From the plant species reported in the surveyed publications, in the following we discuss selected, very common (high number of EEVRT) and/or widely used (high number of referring papers or countries) plants for important ATCvet codes (alimentary tract and metabolism (QA), drugs for functional gastrointestinal disorders (QA03), antidiarrheals, intestinal anti-inflammatory/antiinfective agents (QA07), dermatologicals (QD), preparations for treatment of wounds and ulcers (QD03), products for the treatment of claws and hoofs (QD51), genitourinary system and sex hormones (QG), gynecological antiinfectives and antiseptics (QG01), products for teats and udder (QG52), antiparasitics, insecticides and repellents (QP), anthelmintics (QP52), ectoparasiticides, insecticides and repellents (QP53), and respiratory system (QR)) to discuss the significance of their use in the context of current pharmacological knowledge, human and veterinary clinical trials, and empirical studies (table 3;

Gastrointestinal Disorders (QA - 532 EEVRT, 60 Plant Families, 205 Plant Species)

Diseases of the gastrointestinal tract were the main focus of EuEVM, with 28% of all EEVRT. Malva sylvestris L. (26 EEVRT), Vitis vinifera L., and Matricaria chamomilla L. were the most widely used species. Vitis vinifera L. is not discussed further, given the difficulties of distinguishing between its use as herbal drug, alcoholic product, or source for vinegar due to its acidic properties. We mainly focused functional gastrointestinal disorders (QA03), antidiarrheals, and intestinal anti-inflammatory/antiinfective agents (QA07).

Mallow (Malva sylvestris L.)

Mucilaginous heteropolysaccharides are the major components responsible for therapeutic effects of mallow and are found mainly in leaves (6.0-7.2%), flowers (3,8-7,3%), and roots (7,5%) [107]. Leaves and aerial parts were mostly administered orally and considered helpful in case of various digestive disturbances, such as abdominal colic, tympanism, for reactivation of rumination in small and large ruminants, generic digestive problems, diarrhoea, and constipation. In a total of 12 Italian and Spanish publications, mallow was often referred to as functional gastrointestinal (QA03) agent for ruminants (6 EEVRT) and as general gastrointestinal (QA) agent (26 EEVRT). Mallow is a well-known medicinal plant, but its use in livestock and especially in rumen complaints should be further investigated.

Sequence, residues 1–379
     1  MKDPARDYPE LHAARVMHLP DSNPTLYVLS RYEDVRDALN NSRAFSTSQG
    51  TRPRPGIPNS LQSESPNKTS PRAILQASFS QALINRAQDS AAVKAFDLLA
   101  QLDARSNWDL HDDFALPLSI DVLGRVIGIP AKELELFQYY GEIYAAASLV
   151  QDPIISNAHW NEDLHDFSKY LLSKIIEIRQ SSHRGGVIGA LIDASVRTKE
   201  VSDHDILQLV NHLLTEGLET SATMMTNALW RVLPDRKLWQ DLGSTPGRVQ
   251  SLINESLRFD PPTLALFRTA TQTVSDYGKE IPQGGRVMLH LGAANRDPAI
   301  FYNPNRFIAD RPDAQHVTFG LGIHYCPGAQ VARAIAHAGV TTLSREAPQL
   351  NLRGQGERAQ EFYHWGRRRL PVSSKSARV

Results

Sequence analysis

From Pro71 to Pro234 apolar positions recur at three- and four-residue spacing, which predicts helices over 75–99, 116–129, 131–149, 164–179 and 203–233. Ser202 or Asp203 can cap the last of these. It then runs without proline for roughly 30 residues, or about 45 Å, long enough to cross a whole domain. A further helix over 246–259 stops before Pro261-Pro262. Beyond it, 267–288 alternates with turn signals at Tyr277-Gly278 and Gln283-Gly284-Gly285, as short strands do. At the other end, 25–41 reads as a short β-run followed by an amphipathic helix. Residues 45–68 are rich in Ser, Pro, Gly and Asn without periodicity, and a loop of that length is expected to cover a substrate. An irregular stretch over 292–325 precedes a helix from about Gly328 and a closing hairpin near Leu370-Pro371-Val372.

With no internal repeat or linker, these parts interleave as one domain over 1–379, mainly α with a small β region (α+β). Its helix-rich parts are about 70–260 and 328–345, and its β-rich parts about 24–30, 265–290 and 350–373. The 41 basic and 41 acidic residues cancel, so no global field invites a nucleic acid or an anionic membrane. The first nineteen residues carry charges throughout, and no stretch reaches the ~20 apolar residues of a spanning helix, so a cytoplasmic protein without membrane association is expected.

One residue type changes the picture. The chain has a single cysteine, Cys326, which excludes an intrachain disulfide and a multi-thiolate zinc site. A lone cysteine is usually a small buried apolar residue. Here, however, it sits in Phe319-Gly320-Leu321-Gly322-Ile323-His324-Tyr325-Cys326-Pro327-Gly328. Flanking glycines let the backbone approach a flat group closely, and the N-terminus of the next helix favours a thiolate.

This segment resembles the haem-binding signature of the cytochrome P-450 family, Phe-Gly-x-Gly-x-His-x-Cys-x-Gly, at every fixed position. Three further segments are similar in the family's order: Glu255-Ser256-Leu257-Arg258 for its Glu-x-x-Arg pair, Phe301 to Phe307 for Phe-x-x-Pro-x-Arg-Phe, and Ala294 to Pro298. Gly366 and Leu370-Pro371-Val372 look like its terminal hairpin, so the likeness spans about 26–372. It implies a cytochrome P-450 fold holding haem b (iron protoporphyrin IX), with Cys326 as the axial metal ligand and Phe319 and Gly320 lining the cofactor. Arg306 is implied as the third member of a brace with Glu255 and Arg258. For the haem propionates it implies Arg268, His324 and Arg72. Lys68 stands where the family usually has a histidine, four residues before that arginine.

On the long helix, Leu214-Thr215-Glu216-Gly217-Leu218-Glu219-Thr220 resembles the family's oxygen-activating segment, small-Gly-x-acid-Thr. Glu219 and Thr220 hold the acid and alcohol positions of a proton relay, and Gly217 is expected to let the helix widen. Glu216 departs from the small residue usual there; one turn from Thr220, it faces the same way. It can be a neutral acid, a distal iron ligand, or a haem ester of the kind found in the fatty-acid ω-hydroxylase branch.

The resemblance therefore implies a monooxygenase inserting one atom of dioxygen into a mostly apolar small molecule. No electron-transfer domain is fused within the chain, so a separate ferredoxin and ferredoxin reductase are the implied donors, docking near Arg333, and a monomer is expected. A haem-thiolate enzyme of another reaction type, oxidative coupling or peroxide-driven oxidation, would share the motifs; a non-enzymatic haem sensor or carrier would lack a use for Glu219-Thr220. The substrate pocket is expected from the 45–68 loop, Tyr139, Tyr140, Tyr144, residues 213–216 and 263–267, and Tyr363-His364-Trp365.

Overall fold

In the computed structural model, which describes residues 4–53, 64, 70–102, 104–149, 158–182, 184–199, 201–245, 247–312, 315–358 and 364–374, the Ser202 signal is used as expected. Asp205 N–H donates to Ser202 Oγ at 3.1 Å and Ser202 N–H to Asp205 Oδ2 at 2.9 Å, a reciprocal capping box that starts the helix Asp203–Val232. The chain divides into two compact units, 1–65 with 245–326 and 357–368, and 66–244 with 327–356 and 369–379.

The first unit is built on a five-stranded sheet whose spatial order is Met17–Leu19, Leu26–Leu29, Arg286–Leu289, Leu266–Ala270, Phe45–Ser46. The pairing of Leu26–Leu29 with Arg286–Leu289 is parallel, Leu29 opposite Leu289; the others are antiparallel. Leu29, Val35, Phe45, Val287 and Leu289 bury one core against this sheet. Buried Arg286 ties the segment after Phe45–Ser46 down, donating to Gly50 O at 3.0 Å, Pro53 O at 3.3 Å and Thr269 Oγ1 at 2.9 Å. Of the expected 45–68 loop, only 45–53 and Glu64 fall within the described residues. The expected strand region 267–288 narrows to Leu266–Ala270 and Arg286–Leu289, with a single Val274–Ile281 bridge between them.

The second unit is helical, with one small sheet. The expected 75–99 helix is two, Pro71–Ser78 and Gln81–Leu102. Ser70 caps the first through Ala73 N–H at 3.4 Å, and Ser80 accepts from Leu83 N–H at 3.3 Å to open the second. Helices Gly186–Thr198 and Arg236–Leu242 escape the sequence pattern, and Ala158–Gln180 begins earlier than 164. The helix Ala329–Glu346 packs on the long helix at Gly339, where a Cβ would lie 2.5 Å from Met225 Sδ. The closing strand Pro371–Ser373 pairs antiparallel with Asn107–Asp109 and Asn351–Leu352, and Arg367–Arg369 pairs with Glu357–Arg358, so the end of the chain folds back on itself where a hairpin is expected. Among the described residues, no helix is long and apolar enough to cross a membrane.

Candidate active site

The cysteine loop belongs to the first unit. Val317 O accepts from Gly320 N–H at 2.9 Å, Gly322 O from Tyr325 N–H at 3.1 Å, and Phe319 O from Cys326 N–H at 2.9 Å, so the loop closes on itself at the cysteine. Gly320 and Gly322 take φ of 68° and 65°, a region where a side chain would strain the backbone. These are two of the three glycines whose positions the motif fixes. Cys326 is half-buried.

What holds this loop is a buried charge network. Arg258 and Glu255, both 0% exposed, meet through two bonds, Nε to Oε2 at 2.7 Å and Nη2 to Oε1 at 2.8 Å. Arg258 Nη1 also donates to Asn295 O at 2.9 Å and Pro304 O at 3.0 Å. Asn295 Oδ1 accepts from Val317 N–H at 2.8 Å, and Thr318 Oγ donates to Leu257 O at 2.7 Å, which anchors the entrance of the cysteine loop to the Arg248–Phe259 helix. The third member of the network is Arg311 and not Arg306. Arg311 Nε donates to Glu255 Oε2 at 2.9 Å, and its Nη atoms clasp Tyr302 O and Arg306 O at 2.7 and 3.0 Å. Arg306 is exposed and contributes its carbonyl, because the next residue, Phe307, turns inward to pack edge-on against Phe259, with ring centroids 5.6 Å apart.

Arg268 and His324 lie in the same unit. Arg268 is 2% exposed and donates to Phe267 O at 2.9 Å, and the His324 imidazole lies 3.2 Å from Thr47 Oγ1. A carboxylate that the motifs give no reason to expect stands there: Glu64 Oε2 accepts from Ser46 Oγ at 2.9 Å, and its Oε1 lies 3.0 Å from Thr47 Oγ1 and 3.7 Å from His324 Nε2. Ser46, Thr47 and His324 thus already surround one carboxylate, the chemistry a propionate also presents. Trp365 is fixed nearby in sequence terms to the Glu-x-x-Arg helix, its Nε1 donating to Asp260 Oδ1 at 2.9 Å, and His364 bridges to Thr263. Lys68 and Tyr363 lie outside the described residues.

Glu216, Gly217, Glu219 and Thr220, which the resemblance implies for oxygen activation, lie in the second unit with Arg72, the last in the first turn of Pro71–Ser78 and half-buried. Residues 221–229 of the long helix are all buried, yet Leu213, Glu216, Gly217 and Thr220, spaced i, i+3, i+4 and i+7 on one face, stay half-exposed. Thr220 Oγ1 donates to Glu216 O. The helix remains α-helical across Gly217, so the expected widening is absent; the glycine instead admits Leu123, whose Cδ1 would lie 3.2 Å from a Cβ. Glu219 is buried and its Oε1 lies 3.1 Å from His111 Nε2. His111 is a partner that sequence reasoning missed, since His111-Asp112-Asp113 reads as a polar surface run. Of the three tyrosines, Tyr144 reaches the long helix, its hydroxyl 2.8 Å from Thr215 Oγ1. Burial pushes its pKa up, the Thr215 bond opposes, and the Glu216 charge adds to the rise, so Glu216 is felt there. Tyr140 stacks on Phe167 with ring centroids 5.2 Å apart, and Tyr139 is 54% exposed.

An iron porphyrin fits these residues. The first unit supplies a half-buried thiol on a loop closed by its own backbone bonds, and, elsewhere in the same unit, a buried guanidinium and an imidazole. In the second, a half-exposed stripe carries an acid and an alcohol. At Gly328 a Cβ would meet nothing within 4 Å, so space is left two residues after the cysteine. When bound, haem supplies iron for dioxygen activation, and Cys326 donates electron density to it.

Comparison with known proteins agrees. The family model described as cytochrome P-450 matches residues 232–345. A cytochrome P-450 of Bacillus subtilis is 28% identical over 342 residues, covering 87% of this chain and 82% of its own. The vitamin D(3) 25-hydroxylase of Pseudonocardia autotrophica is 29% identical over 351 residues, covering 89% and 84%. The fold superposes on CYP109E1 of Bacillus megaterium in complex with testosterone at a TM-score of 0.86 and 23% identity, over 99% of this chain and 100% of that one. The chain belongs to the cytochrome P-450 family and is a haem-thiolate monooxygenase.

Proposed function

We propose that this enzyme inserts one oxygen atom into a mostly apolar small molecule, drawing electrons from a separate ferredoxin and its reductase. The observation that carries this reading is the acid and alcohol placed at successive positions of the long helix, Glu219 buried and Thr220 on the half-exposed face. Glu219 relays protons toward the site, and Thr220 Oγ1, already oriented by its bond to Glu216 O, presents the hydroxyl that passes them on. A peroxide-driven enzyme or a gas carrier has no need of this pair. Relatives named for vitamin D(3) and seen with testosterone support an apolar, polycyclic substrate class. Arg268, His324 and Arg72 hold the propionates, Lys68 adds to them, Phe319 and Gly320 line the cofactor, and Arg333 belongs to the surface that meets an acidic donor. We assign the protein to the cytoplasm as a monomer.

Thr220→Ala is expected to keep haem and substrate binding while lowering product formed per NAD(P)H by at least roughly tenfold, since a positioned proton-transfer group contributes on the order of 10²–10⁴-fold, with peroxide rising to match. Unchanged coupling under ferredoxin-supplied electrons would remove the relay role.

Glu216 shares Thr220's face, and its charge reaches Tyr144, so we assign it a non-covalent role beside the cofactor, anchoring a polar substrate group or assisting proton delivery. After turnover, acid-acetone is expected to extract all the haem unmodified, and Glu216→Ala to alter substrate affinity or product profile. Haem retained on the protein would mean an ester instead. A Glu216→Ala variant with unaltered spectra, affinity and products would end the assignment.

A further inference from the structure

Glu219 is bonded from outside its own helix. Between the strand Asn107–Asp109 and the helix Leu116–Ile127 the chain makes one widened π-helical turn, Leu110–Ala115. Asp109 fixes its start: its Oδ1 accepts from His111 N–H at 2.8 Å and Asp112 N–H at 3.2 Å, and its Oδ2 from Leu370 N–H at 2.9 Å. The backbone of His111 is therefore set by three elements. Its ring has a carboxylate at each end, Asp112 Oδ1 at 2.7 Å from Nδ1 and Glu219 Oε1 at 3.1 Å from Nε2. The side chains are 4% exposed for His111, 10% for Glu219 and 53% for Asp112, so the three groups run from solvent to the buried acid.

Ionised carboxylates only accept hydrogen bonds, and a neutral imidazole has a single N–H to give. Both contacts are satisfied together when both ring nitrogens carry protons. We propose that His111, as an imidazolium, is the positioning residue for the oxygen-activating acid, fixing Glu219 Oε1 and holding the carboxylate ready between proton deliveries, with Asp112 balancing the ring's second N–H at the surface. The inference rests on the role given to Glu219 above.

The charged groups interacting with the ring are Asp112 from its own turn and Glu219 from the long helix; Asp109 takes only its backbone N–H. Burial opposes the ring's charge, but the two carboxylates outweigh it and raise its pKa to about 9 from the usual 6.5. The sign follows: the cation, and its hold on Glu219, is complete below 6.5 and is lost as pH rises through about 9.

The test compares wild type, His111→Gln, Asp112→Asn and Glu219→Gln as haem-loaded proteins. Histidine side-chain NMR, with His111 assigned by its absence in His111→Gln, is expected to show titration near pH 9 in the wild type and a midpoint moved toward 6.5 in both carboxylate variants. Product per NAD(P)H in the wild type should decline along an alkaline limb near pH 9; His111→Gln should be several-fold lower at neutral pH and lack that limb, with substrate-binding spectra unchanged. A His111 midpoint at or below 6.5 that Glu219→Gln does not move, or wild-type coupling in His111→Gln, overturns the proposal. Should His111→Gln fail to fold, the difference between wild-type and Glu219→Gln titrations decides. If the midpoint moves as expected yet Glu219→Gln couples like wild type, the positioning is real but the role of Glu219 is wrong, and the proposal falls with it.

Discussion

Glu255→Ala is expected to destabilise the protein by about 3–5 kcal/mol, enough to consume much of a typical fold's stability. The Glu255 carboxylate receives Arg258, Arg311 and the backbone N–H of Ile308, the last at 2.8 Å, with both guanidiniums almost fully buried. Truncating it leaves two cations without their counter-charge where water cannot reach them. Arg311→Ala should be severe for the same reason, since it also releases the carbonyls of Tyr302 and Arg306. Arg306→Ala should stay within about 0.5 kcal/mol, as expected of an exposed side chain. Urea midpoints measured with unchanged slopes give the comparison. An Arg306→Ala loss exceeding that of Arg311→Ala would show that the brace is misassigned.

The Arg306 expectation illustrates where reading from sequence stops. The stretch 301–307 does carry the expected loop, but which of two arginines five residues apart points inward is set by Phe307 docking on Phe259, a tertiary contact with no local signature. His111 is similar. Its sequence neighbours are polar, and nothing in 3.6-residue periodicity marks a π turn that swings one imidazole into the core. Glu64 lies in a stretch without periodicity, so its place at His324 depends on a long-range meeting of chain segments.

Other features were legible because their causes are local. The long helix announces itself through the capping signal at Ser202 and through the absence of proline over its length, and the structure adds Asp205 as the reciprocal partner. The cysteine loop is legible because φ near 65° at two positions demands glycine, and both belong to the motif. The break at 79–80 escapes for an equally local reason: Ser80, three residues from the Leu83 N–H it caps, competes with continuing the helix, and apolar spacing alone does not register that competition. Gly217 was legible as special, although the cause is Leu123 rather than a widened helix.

Chamomile (Matricaria chamomilla L.)

The major constituents of chamomile flowers are a sesquiterpene-containing essential oil and flavones [109]. Chamomile flowers and aerial part were used in EuEVM mainly as decoction or infusion for the treatment of digestive problems in livestock and colic pain. The use is corroborated by scientific literature and veterinary phytotherapy text books and manuals [16, 17, 109]. However, no scientific data are available regarding its administration in ruminants; clinical research would be helpful to establish effective dosages.

Other Plants

Apart from Mercurialis annua L. which is traditionally used as an anti-constipation agent, probably due to its toxic properties [110], several plant species seem to be promising gastrointestinal (QA) agents.

EuEVM plants, such as wormwood (Artemisia absinthium L.), elderberry (Sambucus nigra L.), yarrow (Achillea millefolium L.), and lineseed (Linum usitatissimum L. seeds), may be effective for the treatment of gastrointestinal disorders, such as colic, impaired digestion, tympany, and meteorism. On the one hand, they are already well-known in human phytotherapy for treatment of similar complaints [109] and, on the other hand, some of these plants have also been mentioned in veterinary phytotherapy text books and manuals [16, 17]. Application of yarrow has been reported in 4 different countries (ES, IT, RO, RS). These reports are corroborated by pharmacological and human clinical research [111, 112, 113]. This herbal drug could be considered as a functional gastrointestinal (QA03) and possibly antidiarrheal, intestinal antiinflammatory/antiinfective (QA07) agent.